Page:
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Cross-Media Electronic Reporting Rule

Lesson 7: Key Decision 1 - Type of Credential Used

  • How Credentials Are Issued
    • Most credentials issued by or registered with the system require protection as they travel between registrant and system.
    • Credentials that are registered (rather than issued) may need the system to enforce strength requirements and—where issued by a third party—ensure authenticity.
    • Credentials that incorporate biometrics or include cryptographic keys will need specialized technologies to support them.
    • Credentials issued in connection with hardware tokens will require support for users' implementation.
  • Approach to Binding Signatures to Document Content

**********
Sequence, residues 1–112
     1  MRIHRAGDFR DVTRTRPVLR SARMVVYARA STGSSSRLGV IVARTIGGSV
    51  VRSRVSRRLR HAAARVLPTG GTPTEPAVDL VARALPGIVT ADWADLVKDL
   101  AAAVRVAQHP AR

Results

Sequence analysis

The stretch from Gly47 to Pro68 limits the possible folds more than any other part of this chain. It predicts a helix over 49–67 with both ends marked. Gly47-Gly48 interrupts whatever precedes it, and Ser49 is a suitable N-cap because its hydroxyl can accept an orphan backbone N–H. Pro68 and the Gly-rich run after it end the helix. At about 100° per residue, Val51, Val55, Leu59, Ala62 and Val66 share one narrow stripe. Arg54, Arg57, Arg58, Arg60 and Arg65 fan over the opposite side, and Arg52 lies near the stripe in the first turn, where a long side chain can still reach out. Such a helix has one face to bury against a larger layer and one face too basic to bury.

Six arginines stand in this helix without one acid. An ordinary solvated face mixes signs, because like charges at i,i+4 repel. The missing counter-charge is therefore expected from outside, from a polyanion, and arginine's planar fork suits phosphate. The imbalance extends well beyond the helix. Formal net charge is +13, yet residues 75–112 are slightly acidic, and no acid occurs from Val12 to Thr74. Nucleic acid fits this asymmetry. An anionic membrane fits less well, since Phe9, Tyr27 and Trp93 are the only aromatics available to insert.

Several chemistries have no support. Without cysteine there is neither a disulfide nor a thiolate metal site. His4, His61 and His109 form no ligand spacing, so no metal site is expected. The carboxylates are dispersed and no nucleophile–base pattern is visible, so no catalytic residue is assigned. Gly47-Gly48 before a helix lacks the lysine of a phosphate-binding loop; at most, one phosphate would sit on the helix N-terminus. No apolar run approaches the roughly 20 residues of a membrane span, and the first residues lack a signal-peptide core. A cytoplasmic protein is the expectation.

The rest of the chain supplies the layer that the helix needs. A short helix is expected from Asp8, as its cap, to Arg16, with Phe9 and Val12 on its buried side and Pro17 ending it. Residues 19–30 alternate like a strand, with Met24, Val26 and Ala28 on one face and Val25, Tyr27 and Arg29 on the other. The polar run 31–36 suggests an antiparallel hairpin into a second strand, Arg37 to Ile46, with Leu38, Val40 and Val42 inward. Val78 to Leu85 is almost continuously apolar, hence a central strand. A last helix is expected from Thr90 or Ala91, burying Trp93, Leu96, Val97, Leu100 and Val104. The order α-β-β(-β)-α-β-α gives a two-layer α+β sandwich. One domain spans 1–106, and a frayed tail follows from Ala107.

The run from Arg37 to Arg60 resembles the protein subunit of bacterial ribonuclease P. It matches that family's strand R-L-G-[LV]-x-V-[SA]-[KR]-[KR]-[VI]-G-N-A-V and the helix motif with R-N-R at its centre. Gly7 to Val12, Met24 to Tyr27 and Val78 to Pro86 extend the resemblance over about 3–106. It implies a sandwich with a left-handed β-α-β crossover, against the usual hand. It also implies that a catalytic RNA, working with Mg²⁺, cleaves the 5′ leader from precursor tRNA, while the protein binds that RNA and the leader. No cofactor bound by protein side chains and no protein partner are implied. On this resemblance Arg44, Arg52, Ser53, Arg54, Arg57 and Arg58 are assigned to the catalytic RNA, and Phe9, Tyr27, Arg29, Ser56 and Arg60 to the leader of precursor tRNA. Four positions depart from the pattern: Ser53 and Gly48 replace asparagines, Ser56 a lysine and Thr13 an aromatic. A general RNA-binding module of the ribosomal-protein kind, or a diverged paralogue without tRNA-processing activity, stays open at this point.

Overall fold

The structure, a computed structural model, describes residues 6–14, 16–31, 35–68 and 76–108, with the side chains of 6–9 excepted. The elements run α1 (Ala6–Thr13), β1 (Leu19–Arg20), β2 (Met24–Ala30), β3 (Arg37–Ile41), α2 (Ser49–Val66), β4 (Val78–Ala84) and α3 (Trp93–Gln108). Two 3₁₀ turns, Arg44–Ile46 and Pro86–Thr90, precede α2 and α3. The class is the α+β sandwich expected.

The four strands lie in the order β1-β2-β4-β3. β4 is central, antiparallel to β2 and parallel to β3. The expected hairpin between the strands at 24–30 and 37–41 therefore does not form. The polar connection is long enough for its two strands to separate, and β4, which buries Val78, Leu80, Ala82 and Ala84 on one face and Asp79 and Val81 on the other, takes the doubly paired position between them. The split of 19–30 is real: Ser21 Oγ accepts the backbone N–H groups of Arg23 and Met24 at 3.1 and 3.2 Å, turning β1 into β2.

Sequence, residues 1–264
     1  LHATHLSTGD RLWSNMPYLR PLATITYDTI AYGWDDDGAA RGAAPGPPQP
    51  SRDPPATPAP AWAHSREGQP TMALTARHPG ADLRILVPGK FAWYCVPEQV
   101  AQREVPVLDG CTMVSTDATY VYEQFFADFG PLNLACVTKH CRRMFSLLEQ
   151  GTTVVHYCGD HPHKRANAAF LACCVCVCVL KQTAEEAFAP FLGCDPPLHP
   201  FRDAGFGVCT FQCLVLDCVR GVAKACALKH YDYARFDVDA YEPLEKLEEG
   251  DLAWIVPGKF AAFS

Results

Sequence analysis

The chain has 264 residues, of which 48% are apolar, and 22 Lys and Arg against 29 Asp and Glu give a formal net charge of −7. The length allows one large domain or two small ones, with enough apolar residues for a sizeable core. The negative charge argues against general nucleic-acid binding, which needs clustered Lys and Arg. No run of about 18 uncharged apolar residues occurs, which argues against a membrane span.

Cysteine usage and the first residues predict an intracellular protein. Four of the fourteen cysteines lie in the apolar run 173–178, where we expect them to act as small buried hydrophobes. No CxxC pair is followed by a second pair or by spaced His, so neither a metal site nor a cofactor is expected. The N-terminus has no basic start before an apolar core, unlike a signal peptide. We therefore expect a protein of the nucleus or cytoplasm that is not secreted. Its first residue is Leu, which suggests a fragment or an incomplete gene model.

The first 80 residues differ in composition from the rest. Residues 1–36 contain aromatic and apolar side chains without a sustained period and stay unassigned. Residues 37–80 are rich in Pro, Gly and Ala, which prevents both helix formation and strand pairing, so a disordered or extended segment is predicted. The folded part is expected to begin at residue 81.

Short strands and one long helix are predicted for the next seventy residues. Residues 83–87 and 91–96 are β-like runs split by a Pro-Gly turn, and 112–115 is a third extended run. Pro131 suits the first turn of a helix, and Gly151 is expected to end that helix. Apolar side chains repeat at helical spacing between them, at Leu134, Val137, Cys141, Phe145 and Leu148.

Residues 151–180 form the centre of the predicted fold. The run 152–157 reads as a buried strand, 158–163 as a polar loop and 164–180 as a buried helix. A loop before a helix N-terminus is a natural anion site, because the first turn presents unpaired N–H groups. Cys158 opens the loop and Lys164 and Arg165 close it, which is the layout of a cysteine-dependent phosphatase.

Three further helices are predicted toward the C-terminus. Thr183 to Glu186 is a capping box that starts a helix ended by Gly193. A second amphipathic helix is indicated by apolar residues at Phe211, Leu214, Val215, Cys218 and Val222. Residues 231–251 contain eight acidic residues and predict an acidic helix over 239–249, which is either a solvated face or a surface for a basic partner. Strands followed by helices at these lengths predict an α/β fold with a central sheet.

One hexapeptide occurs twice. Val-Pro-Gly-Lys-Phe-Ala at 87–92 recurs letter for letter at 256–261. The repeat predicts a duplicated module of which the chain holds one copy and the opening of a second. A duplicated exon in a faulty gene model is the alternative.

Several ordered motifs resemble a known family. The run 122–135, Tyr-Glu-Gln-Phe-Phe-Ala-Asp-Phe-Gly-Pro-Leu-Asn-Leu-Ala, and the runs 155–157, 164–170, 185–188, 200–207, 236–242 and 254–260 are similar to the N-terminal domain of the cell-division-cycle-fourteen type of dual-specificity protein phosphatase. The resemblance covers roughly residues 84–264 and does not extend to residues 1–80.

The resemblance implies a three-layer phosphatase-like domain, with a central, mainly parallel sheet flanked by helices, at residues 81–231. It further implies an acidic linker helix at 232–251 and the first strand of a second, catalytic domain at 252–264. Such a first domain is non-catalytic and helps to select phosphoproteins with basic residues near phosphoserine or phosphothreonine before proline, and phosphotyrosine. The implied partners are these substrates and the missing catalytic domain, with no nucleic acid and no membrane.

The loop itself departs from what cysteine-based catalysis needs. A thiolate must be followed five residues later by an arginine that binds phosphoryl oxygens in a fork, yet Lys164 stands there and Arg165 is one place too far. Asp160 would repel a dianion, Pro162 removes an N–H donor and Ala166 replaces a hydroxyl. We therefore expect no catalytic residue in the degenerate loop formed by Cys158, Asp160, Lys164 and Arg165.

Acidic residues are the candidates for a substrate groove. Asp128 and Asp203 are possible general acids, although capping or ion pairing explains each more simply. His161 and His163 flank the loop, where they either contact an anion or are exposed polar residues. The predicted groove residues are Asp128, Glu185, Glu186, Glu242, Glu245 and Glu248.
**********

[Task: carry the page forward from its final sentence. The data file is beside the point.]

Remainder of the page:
• Credentials that include cryptographic keys may execute signatures that are automatically bound to the document being signed by incorporating a message digest or hash value uniquely related to the document content.
    • Other kinds of credentials lack this functionality, and so require an independent approach to signature binding.
  • How Signatures Are Validated
    • Signatures executed with third party credentials require interaction with the issuing authority to determine that the credentials are authentic.
    • Credentials that provide cryptographic keys may require decryption functionality for validation of the signatures they execute.
  • How Signatures Are Included in the COR

    Credentials that are included "in the clear" in the signatures they execute (for example, as a PIN or password) need to be "shielded" in some way on the copies of record (COR), for example, by being encrypted or hashed.

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